(Bloomberg) The U.S. House voted to temporarily suspend the nation’s borrowing limit, removing the debt ceiling for now as a tool for seeking deeper spending cuts.
The measure, passed 285-144, lifts the government’s $16.4 trillion borrowing limit until May 19. It goes to the Senate, where Majority Leader Harry Reid said lawmakers will pass the measure unchanged and send it to President Barack Obama.
“The premise here is pretty simple; it says that there should be no long-term increase in the debt limit until there’s a long-term plan to deal with the fiscal crisis that faces our country,” House Speaker John Boehner, an Ohio Republican, said during floor debate. “This is the first step in an effort to bring real fiscal responsibility to Washington.”
The revised strategy eliminates the risk that House Republicans would be blamed for a default in the short term. Republicans plan to focus on other fiscal deadlines and say they aren’t giving up their fight for cuts to federal programs.
Republicans plan to use two other approaching deadlines -- the March 1 start of automatic spending cuts and the need to pass a bill to fund the government by the end of March -- to extract spending reductions from Obama and congressional Democrats.
The measure passed today, H.R. 325, would allow the nation’s borrowing authority to automatically rise May 19 to accommodate the amount the U.S. Treasury borrowed during the three months that the limit is suspended.
New York Senator Charles Schumer said at a news conference that while Democrats would prefer a longer debt limit increase, House Republicans’ decision “shows that the Republicans are in full-on retreat on fiscal policy.”
“They blinked,” Schumer said. “Gambling with default was never a sound plan by the Republicans.”
Still, second-ranking House Democrat Steny Hoyer of Maryland called the measure a “political gimmick” that puts off the debt-limit issue for three months so House Republicans “can continue to roil the Congress, roil our people and roil our country” with fiscal uncertainty.
Richard Durbin of Illinois, the Senate’s second-ranking Democrat, said the chamber probably won’t act before next week on the House measure.
Adopting a Budget
The House debt-ceiling plan is accompanied by a prod to lawmakers on the budget. It says the House and the Senate each must adopt a budget resolution for the next fiscal year by April 15. If not, the pay for members of the chamber that doesn’t act will be withheld and placed in an escrow account until they adopt one -- or, at the latest, until the end of the 113th Congress.
Reid said the Senate plans to pass a budget this year.
The Obama administration said yesterday it welcomed the House measure as a de-escalation of the fiscal debate.
The debt limit has been raised periodically since its creation in 1917, with Congress increasing or revising it 79 times, including 49 times under Republican presidents, since 1960.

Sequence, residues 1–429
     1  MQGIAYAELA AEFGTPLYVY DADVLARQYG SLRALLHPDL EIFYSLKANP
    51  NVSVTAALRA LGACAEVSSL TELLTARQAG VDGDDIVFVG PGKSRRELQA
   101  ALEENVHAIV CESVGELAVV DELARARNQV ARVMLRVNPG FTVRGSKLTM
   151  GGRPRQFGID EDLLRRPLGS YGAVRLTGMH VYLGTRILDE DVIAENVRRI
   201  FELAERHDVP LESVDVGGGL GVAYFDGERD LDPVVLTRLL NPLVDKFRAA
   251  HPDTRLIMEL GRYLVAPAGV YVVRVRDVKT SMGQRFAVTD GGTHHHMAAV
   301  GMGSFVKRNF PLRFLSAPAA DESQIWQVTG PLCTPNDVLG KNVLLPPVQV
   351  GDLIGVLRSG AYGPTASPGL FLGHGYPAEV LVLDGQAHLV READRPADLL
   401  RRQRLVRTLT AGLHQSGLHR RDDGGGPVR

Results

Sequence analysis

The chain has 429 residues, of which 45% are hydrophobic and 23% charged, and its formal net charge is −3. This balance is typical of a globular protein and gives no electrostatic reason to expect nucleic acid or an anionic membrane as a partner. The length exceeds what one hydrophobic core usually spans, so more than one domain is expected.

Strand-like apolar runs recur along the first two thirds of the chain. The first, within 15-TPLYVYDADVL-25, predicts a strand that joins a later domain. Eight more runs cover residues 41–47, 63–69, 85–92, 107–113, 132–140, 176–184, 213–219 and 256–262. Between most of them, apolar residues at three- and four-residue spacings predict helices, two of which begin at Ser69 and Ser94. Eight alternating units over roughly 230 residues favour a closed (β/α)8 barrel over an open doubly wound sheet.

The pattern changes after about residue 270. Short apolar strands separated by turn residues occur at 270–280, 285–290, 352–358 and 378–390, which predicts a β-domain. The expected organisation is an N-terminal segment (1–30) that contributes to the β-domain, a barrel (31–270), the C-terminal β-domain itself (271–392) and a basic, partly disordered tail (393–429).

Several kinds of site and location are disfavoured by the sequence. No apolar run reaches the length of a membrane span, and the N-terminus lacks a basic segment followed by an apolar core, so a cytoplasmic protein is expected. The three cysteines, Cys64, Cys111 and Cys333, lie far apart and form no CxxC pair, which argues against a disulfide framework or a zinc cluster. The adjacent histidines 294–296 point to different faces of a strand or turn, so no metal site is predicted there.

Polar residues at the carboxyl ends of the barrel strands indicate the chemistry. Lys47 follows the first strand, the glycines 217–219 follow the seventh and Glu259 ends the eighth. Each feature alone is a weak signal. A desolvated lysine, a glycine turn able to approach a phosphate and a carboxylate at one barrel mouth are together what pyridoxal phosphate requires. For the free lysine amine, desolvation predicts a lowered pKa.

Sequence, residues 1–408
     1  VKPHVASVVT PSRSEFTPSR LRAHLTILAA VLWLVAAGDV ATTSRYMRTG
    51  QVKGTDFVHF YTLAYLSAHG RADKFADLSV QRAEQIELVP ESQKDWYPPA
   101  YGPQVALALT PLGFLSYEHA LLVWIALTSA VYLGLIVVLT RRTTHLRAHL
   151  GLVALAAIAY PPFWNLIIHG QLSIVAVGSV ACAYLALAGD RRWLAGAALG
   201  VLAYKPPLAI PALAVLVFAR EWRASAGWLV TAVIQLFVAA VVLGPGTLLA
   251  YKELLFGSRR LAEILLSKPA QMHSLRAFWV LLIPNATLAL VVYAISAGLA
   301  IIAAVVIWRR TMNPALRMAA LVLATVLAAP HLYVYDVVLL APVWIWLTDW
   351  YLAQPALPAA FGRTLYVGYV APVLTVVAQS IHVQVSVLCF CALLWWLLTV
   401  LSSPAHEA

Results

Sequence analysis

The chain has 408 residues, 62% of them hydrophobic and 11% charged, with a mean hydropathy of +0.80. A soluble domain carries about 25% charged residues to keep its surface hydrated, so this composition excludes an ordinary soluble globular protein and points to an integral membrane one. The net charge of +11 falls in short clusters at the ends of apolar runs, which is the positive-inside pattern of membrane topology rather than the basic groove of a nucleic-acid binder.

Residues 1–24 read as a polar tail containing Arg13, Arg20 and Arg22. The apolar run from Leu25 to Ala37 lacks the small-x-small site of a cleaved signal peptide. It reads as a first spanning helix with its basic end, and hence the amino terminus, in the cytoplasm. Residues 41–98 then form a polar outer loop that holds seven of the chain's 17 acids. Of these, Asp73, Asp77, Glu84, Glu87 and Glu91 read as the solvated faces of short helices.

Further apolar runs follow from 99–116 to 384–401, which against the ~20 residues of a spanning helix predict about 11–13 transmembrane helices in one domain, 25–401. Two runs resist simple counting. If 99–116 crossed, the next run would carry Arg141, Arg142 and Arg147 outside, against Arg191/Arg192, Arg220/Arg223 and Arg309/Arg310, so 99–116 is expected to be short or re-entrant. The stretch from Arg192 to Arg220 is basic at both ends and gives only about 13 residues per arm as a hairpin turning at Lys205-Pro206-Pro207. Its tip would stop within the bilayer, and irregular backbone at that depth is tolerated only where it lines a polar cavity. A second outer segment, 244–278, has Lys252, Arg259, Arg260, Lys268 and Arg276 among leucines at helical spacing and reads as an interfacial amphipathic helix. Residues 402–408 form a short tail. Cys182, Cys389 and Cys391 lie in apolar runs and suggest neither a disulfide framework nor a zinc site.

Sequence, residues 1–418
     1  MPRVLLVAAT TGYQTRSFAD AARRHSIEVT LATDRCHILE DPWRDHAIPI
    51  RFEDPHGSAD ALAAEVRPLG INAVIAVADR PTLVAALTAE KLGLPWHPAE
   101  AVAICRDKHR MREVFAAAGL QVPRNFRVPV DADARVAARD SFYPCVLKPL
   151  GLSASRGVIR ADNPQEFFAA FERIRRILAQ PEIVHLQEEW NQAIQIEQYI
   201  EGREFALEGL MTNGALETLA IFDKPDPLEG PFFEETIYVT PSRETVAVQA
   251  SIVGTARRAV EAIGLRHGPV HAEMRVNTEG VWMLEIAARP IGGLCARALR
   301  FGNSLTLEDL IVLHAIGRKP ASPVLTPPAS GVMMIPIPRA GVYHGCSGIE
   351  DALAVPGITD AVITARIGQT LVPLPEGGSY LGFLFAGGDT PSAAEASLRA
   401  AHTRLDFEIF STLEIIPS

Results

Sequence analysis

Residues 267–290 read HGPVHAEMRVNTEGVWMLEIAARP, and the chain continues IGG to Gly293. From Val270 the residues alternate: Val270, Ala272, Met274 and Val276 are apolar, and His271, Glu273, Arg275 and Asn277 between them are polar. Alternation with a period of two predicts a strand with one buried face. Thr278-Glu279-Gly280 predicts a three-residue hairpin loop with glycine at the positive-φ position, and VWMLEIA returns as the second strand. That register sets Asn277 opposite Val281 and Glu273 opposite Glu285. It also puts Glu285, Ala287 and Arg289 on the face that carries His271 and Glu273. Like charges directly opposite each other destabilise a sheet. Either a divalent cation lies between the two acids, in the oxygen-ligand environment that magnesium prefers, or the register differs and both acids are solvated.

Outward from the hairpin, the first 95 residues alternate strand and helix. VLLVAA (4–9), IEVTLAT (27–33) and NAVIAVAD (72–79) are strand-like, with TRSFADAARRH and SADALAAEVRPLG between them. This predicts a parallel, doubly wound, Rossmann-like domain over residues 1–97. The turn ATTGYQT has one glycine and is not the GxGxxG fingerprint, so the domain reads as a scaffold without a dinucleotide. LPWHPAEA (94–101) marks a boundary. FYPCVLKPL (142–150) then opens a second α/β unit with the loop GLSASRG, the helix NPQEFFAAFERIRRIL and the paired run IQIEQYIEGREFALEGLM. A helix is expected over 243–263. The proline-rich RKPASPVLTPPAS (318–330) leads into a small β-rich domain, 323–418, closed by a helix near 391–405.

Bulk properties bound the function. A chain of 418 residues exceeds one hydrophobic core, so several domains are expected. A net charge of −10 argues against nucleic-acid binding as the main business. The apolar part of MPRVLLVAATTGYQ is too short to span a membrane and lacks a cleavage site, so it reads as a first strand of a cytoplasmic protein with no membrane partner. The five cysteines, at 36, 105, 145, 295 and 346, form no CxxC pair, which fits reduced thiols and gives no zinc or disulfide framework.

Enactment of the legislation could allow the Treasury to continue borrowing for several months and delay the need for a permanent increase in the debt ceiling until late summer.
Lou Crandall, chief economist at Wrightson ICAP LLC in Jersey City, New Jersey, told Bloomberg BNA in an e-mail that “our very tentative estimates suggest” that the Treasury “might not need another permanent increase until August.” Analysts at New York-based RBC Capital Markets LLC concurred, telling clients in a daily research note that “under this deal the drop-dead date might slide until August.”
The Treasury Department has said it expects to run out of emergency measures to prevent a breach of the current debt limit between mid-February and early March.
Investors in U.S. Treasury bonds, who most directly bear the risk of a government default, haven’t shown alarm. The 10- year yield fell almost two basis points, or 0.02 percentage point, to 1.82 percent at 12:35 p.m. in New York today, according to Bloomberg Bond Trader prices.
The vote on the debt ceiling would clear the way for House Republicans to focus on the debate to replace about $1.2 trillion in automatic spending cuts, half of which would come from defense. Congress delayed the start date of the automatic cuts to March 1.
Republicans are prepared to let the automatic cuts go forward even if Democrats don’t agree to restructure them to fall less heavily on defense, said Representative Tom Cole, an Oklahoma Republican.
“We hope we can negotiate something different but we would let them go ahead and happen,” Cole said in an interview yesterday.
After dealing with the automatic cuts, the House is expected to take up its budget resolution and then turn to a bill to fund the government through Sept. 30, according to Representative John Fleming, a Louisiana Republican. The government is being funded through a stopgap measure that expires March 27.
Budget Committee Chairman Paul Ryan of Wisconsin said earlier today that Republicans want to force “a big down payment on the debt crisis” during the debate on spending cuts and extending the government’s borrowing authority.
“We have to set our expectations accordingly” and “fight for those things” Republicans stand for “in a realistic way,” Ryan the Republican vice presidential nominee last year, said at a breakfast sponsored by the Wall Street Journal. “Our job as we see it is to get spending under control, to get some entitlement reforms” and “make sure we don’t have a debt crisis,” he said.
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